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Mississippi Masala by Mind Map: Mississippi Masala
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Mississippi Masala

Film by Mira Nair, 1991  

Film Review by Erika Surat Anderson

Full Citation: Anderson, Erika Surat. Film Review of Mississippi Masala by Mira Nair; Michael Nozik. Film Quarterly, Vol. 46, No. 4 (Summer, 1993), pp. 23-26.

Anderson praises Nair for centralizing characters of color, particularly the "multicultural" and intersectional figure of Mina. She highlights the ease with which Mina moves through differently raced and classed spaces 24

Anderson supports Nair's decision to keep white characters as peripheral to the story, however criticizes the lack of historical context the film provides about histories of British colonialism 25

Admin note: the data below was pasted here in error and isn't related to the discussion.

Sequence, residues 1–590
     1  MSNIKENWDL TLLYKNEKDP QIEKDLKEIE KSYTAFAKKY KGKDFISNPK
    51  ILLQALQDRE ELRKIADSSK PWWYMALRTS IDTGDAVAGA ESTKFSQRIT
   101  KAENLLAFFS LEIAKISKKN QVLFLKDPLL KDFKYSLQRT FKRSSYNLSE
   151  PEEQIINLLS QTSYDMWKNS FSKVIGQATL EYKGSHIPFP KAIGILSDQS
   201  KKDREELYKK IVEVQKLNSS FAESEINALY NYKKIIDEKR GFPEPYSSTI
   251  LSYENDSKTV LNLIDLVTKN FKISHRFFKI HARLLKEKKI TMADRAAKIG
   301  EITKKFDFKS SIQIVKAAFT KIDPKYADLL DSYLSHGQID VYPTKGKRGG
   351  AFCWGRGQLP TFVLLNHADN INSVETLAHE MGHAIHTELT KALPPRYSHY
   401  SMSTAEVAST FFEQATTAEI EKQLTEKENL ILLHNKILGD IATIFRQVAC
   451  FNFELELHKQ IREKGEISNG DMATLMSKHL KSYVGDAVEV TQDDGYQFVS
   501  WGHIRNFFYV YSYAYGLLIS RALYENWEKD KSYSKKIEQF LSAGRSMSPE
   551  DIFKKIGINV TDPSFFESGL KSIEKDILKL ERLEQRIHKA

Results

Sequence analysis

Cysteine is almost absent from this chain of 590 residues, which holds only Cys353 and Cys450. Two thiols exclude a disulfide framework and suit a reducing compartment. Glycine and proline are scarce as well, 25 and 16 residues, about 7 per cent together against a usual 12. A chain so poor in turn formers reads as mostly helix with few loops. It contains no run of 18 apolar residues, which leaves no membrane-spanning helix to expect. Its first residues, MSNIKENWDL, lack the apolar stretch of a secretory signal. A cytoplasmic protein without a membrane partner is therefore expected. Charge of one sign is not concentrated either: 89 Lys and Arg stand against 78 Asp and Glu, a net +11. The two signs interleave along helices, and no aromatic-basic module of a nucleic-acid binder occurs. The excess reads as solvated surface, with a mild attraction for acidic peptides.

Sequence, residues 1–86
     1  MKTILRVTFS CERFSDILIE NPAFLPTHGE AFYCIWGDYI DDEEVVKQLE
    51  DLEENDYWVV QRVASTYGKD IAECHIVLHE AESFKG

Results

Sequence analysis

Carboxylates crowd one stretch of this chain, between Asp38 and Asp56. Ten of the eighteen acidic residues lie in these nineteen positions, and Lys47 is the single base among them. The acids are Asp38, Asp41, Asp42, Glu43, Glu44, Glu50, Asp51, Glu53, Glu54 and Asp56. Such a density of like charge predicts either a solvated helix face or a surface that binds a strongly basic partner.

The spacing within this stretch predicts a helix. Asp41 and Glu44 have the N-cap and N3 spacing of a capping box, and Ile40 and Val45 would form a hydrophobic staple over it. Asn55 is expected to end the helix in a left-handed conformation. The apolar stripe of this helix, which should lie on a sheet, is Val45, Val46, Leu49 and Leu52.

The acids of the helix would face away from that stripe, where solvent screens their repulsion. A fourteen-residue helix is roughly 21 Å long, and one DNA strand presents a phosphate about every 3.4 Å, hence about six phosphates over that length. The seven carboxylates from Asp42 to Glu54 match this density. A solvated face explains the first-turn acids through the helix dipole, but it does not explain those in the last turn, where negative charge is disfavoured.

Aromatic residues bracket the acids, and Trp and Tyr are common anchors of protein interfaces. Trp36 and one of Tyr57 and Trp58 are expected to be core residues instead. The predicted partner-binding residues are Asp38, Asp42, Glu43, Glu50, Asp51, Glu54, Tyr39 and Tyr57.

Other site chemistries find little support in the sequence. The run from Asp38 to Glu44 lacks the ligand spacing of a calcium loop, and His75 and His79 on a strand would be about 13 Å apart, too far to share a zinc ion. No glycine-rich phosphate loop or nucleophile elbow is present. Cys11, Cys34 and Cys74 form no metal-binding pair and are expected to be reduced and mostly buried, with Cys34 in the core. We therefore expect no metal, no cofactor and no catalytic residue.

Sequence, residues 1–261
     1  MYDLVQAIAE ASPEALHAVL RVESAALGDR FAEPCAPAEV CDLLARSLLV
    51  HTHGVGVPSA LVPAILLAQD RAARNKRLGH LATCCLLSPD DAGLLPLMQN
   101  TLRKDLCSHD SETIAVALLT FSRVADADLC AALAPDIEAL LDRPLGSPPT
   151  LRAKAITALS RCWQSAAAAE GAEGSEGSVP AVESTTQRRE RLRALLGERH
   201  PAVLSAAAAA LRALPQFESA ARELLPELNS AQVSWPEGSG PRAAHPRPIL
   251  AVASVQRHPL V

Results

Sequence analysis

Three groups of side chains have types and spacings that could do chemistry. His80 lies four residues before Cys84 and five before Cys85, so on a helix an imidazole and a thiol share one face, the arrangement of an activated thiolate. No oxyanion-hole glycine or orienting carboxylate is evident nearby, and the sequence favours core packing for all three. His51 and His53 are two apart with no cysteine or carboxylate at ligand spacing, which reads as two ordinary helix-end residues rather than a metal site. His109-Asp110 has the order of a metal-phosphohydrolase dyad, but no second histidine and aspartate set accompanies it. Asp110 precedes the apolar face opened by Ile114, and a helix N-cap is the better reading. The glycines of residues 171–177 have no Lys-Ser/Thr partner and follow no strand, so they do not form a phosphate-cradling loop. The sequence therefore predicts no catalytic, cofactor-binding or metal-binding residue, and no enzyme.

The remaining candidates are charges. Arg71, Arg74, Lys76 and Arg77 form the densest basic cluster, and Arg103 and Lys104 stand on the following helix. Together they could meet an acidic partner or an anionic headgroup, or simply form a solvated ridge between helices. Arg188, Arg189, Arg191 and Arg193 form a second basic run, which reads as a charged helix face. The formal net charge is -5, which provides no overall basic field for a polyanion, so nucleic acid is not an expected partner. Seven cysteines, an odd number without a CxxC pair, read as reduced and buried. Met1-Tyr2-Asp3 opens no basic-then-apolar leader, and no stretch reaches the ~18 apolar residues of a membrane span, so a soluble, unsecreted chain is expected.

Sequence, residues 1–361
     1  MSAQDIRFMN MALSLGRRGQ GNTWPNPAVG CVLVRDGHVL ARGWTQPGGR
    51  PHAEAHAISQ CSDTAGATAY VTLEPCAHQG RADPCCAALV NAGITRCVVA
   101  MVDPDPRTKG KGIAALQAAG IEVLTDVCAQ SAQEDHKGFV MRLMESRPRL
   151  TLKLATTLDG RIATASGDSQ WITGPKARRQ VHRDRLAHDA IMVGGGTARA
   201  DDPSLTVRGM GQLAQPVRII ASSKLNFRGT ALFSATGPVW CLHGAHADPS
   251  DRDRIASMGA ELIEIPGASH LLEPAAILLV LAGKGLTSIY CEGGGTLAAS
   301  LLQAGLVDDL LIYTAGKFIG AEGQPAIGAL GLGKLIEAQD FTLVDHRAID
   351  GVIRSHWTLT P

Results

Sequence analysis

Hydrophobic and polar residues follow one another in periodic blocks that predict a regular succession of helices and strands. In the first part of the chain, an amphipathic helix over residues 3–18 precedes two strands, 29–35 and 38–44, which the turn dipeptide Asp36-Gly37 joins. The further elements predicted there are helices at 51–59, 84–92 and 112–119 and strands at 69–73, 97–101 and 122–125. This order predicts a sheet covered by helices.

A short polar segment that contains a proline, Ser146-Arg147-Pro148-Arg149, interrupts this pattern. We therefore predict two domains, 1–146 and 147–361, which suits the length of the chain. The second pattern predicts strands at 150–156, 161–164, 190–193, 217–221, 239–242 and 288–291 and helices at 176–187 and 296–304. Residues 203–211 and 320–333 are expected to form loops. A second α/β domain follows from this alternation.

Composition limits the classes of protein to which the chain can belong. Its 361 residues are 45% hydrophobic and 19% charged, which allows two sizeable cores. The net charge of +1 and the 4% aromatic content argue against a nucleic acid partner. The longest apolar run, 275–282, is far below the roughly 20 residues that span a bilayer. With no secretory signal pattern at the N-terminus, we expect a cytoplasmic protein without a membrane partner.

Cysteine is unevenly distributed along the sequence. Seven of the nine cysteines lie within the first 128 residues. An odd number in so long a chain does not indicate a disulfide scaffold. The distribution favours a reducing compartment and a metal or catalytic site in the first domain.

"It's not mentioned that Indians had become the merchant class in Uganda, and as such were taken to be the agents of oppression, becoming targets of the Amin government. The less visible but more powerful force in Africa, the British, are not mentioned at all, nor is the legacy of their divide-and-conquer tactics." 25, I understand Anderson's point, and agree that more context could have aided the film. However, I think that the choice to keep white characters as peripheral and British colonialism as primarily invisible was intentional and powerful in its own way. This 'invisibility' of European domination is at work in an intereststing parallel between post-colonial Uganda and 1990s American south. As the film attests, Mississippi remains a highly racialized and segregated space, a constant reminder of the legacy of slavery and Jim Crow. White bodies do not need to be present in order to impose racial boundaries on the brown and black bodies that populate the film. Just as in Uganda, the pointed absence of visible whiteness reinforces the residual power of colonialism and racial domination and perhaps gives a more realistic impression of what it means to live "post-colonially." Clearly the racial formations constructed by the British /Americans are still at work in Uganda and the American South., This point is articulated best by Seshagiri on page 185